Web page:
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Premise:

This is a FAQ for what QuickChip Keyboard is, how the implementation typically goes, and several certification related scenarios.

This is intended for more technical related folks.

For more information, please consult our support team at support@idtechproducts.com 



What is QC KB? 

QC KB = Quickchip keyboard emulation. This allows a traditional POS that uses keyboard input to be compatibale with some of IDTECH's newer device offerings that can output both magstripe and EMV compliant data as keyboard strokes. 

This is typically used in conjunction with a VPOS - virtual POS. These types of POS usually exist in the form of a web page served from a web browser.


Why QC KB?

This reduces the amount of complexity required for integration, and also reduces the time needed for cert. The solution complexity and time complexity drop, and the user experience / setup is easier. 


What products support QC KB today?

As of  , the Augusta and VP 3300 devices support QC KB - quickchip keyboard emulation.


How do we deal with the scenario that an ICC card is swiped?


In the case that an EMV (ICC) card is swiped, we recommend the following way to address the scenario:
When the MSR data is received (but not yet displayed), the Virtual Terminal would have to look through the returned data for an ICC flag (which will be either 0 or 1). This is reflected in Bit 5 of Field 8 of the Enhanced Encrypted MSR data. (Check this document for details about that data format, and its various fields.) If the bit is set, indicating that the card has a chip, the Virtual Terminal application would have to stop at that point (before any more of the data is processed and/or sent), and then display a message to the user indicating that he/she should use the ICC slot instead.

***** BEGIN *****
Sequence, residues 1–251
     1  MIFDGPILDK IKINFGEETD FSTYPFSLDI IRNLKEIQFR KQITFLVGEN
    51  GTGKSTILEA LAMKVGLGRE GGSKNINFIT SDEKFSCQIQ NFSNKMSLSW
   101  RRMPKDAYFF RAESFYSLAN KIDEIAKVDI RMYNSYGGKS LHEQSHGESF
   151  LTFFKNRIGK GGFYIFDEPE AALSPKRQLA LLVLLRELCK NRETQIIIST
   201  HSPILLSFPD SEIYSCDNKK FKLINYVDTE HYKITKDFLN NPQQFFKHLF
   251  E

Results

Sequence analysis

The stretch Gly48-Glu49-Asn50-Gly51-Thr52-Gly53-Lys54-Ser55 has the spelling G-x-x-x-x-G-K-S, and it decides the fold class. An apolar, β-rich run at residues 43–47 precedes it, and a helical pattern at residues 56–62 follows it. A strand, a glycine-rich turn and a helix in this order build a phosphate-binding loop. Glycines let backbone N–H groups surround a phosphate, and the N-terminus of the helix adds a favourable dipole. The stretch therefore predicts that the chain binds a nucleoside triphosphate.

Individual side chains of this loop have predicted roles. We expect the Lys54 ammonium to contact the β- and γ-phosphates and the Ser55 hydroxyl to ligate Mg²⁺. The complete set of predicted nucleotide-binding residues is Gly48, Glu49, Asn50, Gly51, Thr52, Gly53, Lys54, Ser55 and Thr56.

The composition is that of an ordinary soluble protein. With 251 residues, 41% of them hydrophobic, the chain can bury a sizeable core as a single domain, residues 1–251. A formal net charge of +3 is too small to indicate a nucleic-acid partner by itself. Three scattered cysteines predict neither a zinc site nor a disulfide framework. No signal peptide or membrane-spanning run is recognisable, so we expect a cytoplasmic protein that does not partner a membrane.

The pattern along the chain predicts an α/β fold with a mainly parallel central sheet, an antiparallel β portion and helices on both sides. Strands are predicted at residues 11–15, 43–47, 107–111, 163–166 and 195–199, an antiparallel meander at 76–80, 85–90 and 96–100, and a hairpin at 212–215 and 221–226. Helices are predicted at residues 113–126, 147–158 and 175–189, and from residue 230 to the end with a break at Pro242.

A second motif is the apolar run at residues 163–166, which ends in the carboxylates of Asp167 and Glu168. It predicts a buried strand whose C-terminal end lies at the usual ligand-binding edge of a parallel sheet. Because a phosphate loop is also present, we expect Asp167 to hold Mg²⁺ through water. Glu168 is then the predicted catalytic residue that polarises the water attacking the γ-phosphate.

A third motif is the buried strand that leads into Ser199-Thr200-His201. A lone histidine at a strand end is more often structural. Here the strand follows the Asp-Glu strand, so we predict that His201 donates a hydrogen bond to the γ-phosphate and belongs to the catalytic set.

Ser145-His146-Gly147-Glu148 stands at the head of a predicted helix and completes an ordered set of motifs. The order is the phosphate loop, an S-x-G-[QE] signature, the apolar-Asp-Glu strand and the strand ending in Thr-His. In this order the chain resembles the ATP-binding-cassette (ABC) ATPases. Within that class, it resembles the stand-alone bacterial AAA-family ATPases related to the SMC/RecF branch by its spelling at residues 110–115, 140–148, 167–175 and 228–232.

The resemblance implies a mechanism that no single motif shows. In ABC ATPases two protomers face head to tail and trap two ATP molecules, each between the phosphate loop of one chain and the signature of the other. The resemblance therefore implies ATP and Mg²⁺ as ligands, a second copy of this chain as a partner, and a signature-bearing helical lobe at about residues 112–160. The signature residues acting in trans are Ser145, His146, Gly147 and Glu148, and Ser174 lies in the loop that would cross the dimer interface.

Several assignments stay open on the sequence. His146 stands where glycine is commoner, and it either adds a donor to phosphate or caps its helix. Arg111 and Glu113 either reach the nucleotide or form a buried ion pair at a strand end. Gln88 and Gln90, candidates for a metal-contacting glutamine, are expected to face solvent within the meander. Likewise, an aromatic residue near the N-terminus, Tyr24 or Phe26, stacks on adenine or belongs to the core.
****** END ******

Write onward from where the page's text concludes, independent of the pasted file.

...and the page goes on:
Implementation-wise, the Virtual Terminal Application would first need be able to differentiate between MSR or EMV tag data (they are formatted very differently). Then should the incoming data be MSR data, the Terminal application would look for the status flag to see whether ICC is supported on the card or not, and then make the decision.

How is the user going to be able to make a choice / select the appropriate application to handle the card?